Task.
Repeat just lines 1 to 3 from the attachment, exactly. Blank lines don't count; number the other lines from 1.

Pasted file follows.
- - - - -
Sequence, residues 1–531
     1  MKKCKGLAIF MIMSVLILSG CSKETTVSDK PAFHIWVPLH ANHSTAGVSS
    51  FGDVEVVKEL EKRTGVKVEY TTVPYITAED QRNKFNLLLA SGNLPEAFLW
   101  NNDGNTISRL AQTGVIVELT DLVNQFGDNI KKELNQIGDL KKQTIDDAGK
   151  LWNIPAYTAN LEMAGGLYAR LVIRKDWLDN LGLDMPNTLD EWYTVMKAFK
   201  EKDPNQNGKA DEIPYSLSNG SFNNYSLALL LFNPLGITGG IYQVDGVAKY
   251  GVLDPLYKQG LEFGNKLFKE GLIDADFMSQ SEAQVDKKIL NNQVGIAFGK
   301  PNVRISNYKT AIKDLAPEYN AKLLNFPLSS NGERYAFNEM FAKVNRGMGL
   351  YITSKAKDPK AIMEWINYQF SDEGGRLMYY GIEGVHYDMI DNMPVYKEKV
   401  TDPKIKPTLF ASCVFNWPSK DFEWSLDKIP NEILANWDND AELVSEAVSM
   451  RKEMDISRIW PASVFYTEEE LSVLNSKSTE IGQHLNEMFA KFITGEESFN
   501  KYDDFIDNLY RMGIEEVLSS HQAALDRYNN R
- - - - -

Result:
Sequence, residues 1–531
     1  MKKCKGLAIF MIMSVLILSG CSKETTVSDK PAFHIWVPLH ANHSTAGVSS
    51  FGDVEVVKEL EKRTGVKVEY TTVPYITAED QRNKFNLLLA SGNLPEAFLW